The GNC4U DNA Test Kit (powered by Vitagene) costs $89.99, while pricing for the monthly subscription service is not currently disclosed. Supplement recommendations are based on an individual's age, gender and personal and family health history, according to a press release from the company.
In addition to the vitamins and supplements, GNC4U provides an in-depth diet and exercise program customized for a consumer's individual wellness needs and designed for what their bodies require to achieve peak performance, added the company.
Vitamin Shoppe, too
The GNC subscription offering comes hot on the heels of a similar product from The Vitamin Shoppe, which launched its Only Me monthly subscription service last month (September, 2019).
Vitamin Shoppe’s service, which starts at $20 per month, uses a detailed questionnaire about current health status and daily routines to design an individualized wellness plan.
GNC’s service appears to potentially go further by offering by allowing consumers to share genetic information via a GNC4U DNA Test kit or provide previously sourced DNA information.
“When it comes to wellness, everyone has different aspirations that no single nutrition plan, exercise routine or vitamin and supplement regimen can help achieve,” said Ryan Ostrom, Chief Brand Officer, GNC Holdings, Inc. “For over 80 years, GNC has been a leader in innovative offerings for living well, and GNC4U is just the first step in our quest to provide the most personal nutrition solutions for today's consumer.”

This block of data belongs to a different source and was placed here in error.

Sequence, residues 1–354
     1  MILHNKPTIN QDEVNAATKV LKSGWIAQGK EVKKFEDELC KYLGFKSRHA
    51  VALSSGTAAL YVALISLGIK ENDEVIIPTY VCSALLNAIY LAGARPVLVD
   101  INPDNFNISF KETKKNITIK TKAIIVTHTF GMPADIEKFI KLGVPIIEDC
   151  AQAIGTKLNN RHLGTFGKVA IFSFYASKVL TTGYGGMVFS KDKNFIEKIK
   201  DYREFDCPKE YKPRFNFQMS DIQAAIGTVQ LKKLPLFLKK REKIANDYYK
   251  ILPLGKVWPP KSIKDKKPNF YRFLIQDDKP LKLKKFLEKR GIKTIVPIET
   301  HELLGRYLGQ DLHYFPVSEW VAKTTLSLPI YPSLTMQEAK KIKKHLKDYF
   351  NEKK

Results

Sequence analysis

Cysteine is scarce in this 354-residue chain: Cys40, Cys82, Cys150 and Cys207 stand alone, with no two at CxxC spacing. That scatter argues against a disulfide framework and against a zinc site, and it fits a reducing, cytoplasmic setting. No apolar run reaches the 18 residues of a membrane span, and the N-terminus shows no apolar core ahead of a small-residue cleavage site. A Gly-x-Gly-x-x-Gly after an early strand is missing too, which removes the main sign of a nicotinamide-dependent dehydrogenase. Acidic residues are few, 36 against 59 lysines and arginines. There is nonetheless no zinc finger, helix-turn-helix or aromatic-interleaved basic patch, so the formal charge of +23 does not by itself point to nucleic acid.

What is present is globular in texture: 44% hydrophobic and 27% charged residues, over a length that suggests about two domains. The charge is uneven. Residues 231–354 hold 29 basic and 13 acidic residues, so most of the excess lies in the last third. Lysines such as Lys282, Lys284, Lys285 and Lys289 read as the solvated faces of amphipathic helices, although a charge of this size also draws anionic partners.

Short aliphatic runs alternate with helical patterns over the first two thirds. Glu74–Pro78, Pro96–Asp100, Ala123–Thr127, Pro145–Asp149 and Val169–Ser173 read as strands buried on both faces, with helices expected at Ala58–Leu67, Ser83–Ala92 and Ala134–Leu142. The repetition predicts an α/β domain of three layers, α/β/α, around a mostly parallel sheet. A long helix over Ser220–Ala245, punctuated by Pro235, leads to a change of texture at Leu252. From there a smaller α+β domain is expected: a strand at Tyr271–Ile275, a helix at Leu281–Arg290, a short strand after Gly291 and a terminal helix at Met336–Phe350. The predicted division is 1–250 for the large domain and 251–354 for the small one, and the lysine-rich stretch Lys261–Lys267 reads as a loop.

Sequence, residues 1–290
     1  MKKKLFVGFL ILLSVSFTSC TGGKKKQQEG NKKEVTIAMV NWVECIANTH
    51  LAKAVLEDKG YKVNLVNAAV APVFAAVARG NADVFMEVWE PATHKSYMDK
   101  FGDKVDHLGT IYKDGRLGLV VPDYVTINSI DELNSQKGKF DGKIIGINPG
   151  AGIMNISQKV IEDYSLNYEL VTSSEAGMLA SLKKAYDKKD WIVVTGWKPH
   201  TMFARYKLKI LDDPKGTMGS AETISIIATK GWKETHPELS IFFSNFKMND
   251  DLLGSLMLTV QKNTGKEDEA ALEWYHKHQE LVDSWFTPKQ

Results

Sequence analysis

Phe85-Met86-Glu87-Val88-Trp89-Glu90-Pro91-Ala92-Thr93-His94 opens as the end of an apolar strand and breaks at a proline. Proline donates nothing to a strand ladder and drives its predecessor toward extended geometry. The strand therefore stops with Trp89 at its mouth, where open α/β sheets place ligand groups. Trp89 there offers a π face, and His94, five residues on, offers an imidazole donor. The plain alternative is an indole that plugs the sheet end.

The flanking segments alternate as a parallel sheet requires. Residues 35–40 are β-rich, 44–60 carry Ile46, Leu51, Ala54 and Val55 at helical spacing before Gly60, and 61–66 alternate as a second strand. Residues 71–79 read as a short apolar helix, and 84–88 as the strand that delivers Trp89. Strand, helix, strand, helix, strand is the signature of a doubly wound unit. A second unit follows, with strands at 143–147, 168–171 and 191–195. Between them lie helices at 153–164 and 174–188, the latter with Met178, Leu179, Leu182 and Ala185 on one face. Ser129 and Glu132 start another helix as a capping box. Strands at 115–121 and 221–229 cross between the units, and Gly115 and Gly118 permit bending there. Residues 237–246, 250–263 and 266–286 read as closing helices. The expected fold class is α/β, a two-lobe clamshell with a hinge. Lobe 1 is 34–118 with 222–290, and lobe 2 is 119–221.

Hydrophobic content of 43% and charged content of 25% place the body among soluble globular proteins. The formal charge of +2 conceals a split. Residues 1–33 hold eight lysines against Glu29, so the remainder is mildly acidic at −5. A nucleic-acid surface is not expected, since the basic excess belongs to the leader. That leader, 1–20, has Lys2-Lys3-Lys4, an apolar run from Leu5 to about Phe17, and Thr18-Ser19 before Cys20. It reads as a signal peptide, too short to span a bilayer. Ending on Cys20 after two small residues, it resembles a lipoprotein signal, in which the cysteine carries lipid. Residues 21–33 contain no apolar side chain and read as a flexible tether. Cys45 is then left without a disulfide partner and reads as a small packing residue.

How it works
Step 1 in the GNC4U process is for consumers to sign up to take a free lifestyle quiz, which focuses on wellness, sports nutrition and weight management. Then based on these responses, scientists at GNC build a customized vitamin and supplement, exercise and nutrition plan which can be accessed in their personal online wellness dashboard. Here, consumers order their personalized daily packs, which arrive with the consumer's name on them.
New 30-day supplies are automatically shipped every month.
According to GNC: “While packs are tailored to each individual, all packs will include up to eight different vitamins and supplements, which are divided into once or twice daily packets.”
Commenting on the new development, CPG expert Joshua Schall from J. Schall Consulting told us that while personalized nutrition is heating up with large CPG portfolios and retailers like GNC and The Vitamin Shoppe getting into the business, “its current application is far from the truly disruptive force it will become in the future.”
The offering by both GNC and Vitamin Shoppe are not disruptive, he said. “They are mostly a way for them to acquire customer data to add personalization layers to marketing and additionally to feed data into larger product suggestion algorithms. Additionally, it helps them lock you into their retail brand and provide reoccurring revenue.
“This is no knock on GNC or The Vitamin Shoppe as many other functional CPG brands in the VMS categories is doing very similar things…from Care/of, Gainful, and many others.”
Compare this to Habit, he said, which was acquired by Viome earlier this year, both of which are “pushing us closer to true personalized nutrition, but we still have a great deal to go in my mind.”
“To really advance our personalized nutrition offerings we will need to see strategic partnerships with health, food/beverage, technology companies to complete the loop with software, hardware, food production and a number of other big challenges.”